Some Guru's Musings on Val Ackerman's NCAA White Paper
By Mel Greenberg
So finally having had a little time to start dipping into founding WNBA comissioner (and maybe future Big East commissioner) Val Ackerman's white paper for the NCAA on women's basketball, the Guru can begin with some reaction.
Since he hasn't gone through all of it yet, he will just use his musings column such as this one to make comments from time to time or sooner depending on how quickly recommendations are being implemented.
But some caveats: The Guru and Val go way back in time and she has always been one offering great support in his endeavors and the NCAA choice of her to do the research and findings is well deserved.
So consider all these things to come as just observations from the Guru's perspective and not meant to take issue with her comprehensive work.
It will be quite interesting this week to see what comes out of the NCAA women's basketball committee's meeting in Nashville considering it already had a full plate of issues caused by conference shifts, notably the Big East implosion, before Ackerman's report was released last week.
For example, did you know if the committee wanted to do so, it could slot the new-look Big East as one of the Mideast geographical conferences in terms of organizing tracking structure for the 2014 tournament.
The new Big East now has five Atlantic seaboard teams -- St. John's, Villanova, Georgetown, Providence and Seton Hall. And it has five Mideast members: DePaul, Marquette, Butler, Creighton, and Xavier.
On the other hand, though The American (aka American Athletic Conference) has just Temple, Connecticut and, for one year, Rutgers, as seaboard teams, it likely will be an Eastern-based conference.
Also, take note that work has to be done on the notorious principles and procedures though the committee may keep things in place and see how it all plays out on the first go-round.
But consider this -- the veteran new Big East teams making the tournament do not have to be kept apart from such AAC people as Connecticut, and, for one year, Rutgers and Louisville, in earlier rounds because they are no longer in the same group.
Likewise for either side in terms of Syracuse and Notre Dame, which are about to begin life in the Atlantic Coast Conference.
Similar issues exist in Conference USA, the Sun Belt, Mountain West, and Western Athletic Conference, although the total number of teams from the group who make the field have been far less than the Easterners in recent years.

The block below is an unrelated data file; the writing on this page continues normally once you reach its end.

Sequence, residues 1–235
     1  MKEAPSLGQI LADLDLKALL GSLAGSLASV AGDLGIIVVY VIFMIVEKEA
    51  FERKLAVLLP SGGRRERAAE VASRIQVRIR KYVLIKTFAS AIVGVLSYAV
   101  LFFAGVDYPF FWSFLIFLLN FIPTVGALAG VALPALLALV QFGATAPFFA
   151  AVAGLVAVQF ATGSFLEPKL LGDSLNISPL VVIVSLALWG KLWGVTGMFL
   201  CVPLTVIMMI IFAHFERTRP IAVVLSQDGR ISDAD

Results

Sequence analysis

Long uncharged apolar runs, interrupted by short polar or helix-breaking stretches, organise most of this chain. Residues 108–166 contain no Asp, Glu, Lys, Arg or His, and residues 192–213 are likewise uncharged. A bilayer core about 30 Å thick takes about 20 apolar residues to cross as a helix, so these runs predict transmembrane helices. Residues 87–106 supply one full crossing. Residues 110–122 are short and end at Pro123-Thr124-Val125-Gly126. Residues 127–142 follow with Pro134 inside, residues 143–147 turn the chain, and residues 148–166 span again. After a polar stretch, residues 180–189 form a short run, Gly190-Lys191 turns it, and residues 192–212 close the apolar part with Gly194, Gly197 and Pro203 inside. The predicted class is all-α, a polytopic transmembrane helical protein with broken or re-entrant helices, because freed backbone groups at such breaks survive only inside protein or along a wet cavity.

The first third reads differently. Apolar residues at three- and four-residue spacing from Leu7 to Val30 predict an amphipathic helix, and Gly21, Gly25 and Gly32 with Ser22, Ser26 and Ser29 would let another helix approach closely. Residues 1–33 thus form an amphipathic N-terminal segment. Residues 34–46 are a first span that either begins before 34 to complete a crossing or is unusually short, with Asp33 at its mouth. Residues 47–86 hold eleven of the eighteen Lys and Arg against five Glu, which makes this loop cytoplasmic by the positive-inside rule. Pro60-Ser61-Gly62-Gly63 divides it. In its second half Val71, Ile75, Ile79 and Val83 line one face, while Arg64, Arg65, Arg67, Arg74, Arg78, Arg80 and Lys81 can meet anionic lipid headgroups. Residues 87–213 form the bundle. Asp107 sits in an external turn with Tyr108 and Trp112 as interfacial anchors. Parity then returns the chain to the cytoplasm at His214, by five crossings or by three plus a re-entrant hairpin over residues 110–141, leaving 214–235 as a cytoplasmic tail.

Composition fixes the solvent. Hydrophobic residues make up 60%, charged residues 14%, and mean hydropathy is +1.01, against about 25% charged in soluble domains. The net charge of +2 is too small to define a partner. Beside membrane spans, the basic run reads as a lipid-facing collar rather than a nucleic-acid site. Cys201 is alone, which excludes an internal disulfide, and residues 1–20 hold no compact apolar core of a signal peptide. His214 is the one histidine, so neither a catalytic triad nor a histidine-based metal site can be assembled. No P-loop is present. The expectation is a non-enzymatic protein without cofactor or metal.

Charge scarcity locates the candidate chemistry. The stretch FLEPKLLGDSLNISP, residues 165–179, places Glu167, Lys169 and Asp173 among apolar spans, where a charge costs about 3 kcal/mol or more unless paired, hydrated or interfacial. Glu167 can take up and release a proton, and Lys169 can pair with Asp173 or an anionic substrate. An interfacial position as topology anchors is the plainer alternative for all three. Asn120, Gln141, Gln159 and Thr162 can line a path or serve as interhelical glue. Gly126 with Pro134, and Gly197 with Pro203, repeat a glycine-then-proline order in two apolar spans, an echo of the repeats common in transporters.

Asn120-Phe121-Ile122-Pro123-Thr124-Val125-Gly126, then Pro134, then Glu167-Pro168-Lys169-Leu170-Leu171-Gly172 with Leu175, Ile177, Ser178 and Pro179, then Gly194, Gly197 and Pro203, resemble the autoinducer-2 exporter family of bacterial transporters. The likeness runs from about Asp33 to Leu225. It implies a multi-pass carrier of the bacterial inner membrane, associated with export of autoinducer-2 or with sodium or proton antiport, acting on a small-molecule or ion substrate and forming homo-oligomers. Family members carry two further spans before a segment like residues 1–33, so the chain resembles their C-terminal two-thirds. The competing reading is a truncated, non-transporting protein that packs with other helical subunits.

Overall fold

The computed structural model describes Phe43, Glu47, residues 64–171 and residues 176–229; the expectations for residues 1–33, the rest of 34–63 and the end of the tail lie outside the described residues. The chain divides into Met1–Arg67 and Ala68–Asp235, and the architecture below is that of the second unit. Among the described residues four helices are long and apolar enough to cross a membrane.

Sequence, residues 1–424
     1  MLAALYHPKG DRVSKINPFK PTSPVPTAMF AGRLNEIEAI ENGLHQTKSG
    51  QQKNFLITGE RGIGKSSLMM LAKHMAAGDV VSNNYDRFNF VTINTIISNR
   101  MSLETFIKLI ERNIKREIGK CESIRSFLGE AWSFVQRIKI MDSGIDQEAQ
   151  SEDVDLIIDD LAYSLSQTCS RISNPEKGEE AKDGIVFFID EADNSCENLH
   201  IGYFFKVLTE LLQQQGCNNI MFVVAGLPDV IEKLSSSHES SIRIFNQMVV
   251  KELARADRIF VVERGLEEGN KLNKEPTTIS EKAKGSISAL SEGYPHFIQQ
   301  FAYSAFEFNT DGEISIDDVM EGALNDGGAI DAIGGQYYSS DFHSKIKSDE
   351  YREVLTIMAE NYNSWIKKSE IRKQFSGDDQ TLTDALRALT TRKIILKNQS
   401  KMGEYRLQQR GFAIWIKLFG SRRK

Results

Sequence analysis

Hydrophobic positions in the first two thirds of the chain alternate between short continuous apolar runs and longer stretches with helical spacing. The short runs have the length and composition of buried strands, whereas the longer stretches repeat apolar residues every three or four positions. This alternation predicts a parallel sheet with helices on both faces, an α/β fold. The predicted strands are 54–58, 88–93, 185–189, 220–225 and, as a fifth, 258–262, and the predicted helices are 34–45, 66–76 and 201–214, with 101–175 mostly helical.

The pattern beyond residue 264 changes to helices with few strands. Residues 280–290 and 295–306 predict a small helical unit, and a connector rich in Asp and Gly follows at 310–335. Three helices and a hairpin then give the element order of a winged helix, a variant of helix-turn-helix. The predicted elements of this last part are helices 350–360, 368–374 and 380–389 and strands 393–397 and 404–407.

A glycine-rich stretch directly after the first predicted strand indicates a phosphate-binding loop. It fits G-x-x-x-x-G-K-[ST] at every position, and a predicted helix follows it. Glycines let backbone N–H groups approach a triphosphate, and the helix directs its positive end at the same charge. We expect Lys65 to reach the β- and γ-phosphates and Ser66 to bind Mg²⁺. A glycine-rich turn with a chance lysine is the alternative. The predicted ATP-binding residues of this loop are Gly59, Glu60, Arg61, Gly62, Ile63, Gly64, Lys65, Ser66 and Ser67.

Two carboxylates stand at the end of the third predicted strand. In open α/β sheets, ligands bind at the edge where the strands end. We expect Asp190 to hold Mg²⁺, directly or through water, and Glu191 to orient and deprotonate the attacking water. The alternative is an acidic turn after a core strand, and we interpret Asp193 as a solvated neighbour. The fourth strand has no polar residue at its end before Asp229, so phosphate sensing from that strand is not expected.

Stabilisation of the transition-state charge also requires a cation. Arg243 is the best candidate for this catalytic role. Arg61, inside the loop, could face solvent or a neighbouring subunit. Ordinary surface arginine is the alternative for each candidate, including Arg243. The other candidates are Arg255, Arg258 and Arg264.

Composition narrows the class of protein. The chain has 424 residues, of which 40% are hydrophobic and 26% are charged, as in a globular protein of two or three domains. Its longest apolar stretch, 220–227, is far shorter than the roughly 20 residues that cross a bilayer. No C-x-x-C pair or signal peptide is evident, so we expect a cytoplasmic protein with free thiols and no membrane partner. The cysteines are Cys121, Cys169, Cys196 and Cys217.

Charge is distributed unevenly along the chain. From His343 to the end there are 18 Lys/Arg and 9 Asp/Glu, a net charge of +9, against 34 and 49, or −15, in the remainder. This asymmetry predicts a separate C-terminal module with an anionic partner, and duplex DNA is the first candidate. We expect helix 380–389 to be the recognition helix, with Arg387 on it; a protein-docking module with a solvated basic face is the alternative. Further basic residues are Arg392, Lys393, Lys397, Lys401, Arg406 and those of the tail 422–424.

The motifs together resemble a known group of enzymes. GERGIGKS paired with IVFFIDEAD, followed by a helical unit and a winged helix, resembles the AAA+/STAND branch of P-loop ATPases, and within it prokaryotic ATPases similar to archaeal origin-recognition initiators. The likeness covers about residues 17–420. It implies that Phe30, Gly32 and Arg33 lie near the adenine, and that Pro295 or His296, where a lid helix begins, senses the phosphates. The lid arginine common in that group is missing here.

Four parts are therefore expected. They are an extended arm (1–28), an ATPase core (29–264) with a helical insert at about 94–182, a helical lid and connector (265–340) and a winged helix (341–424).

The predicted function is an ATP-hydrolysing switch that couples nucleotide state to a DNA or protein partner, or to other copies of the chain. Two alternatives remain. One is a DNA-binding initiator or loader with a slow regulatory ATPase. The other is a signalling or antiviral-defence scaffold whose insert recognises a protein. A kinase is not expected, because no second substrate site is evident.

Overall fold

Now moving on to the one of the suggestions made by Ackerman that the schedule should be housed in one semester beginning in early December.
Coincidentally, this has beeen a Guru subtle thought for some time from the days he did the national schedule for the Associated Press -- not create the games but to list the calendar -- and saw certain nuances.
This is as much as problem as to the sport itself as it is getting buried at the outset by attention to college football, the baseball postseason, and the stretch drive toward the Super Bowl in the NFL.
Basically, in October, momentum begins to build at conference media days -- and Val didn't address this but given the scant national media survivors who can still get around it would be nice to avoid conflicts with major draws occuring the same day.
Then we go into the preseason outlooks and they almost have to begin earlier than in the past years because the front end of the schedule occurs earlier with the likes of the preseason WNIT and other events.
Last year the AP preseason women's poll had an October date attached for the first time instead of mid-November, which occurred until recent times.
Then heading through Thanksgiving we have the openers and excitment generated in the traditional hotbeds -- in the old days there were a zillion tournaments the first few weekends.
There are some glamour matchups generated by such events as the annual Jimmy V game propelled by ESPN.
So just when we have takent off and are airborne through all that -- BAM -- it all comes to a virtual dead stop as the schedule hits a lull anwhere from seven-12 plus days as players hit the books for finals.
Then a few smathering of games, much of little consequence but to stay loose, heading into another break where virtually everything shuts down from Christmas Eve through the next four days.